Public sector borrowing including banks in the UK increased to £9.8 billion in January 2017 from £9.5 billion a year earlier, but way below market expectations of £14.4 billion. It was the biggest surplus since the series began, as income tax revenues jumped by an annual 6.1 percent to £32.2 billion and corporation tax revenues were up 5.4 percent at £4.2 billion. Excluding banks, the public sector had to borrow £9.4 billion to balance the books. In the current financial year-to-date (April 2016 to January 2017), public sector net borrowing decreased by £13.6 billion from the same period last year to £49.3 billion, the lowest year-to-date borrowing since the financial year-to-date ending January 2008. At the end of January, the amount of money owed by the public sector to the private sector stood at £1,682.8 billion, or 85.3 percent of GDP, an increase of £91.7 billion since the end of January 2016. Government Debt in the United Kingdom averaged -4080.35 GBP Million from 1993 until 2017, reaching an all time high of 9824 GBP Million in January of 2017 and a record low of -20095 GBP Million in April of 2012.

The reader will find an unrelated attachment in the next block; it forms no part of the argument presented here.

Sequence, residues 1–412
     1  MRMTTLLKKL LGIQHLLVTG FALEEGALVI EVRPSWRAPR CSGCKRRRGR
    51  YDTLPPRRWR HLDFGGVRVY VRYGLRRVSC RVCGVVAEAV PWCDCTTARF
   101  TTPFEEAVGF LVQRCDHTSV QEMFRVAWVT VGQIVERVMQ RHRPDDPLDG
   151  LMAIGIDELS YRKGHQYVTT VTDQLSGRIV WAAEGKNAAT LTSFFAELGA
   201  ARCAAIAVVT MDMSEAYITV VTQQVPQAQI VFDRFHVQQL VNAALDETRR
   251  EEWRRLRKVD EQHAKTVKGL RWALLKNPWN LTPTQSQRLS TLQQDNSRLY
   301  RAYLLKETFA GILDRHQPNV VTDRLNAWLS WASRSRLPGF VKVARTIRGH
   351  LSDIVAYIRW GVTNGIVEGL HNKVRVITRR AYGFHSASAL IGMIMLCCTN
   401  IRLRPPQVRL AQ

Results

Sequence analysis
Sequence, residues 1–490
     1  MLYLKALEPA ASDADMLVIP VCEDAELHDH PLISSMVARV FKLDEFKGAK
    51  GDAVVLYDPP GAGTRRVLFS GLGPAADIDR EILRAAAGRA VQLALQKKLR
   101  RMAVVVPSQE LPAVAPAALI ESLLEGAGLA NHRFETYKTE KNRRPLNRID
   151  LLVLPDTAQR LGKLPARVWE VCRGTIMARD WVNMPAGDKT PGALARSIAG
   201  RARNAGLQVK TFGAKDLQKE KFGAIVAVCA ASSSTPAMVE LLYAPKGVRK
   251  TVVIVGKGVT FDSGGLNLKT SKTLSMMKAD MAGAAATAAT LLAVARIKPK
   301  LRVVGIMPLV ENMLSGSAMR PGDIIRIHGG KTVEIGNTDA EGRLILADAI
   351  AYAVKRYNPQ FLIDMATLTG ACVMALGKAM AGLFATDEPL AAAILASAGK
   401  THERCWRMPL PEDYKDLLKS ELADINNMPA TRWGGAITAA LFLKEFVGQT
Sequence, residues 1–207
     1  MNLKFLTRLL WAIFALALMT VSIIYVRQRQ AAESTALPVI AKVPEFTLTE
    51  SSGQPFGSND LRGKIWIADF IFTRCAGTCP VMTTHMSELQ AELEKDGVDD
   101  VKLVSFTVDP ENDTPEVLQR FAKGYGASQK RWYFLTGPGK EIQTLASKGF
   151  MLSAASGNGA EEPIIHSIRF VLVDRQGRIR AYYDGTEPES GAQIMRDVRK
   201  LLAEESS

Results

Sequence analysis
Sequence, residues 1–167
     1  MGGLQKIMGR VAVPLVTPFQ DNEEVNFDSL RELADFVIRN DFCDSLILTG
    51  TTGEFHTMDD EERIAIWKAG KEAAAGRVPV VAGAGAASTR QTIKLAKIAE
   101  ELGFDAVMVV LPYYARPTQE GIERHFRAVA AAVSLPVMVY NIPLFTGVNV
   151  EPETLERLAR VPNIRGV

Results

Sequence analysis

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In the United Kingdom, net borrowing or net lending is the difference between the net acquisition of financial assets and the net incurrence of liabilities. This page provides the latest reported value for – United Kingdom Public Sector Net Borrowing – plus previous releases, historical high and low, short-term forecast and long-term prediction, economic calendar, survey consensus and news. United Kingdom Public Sector Net Borrowing – actual data, historical chart and calendar of releases – was last updated on February of 2017.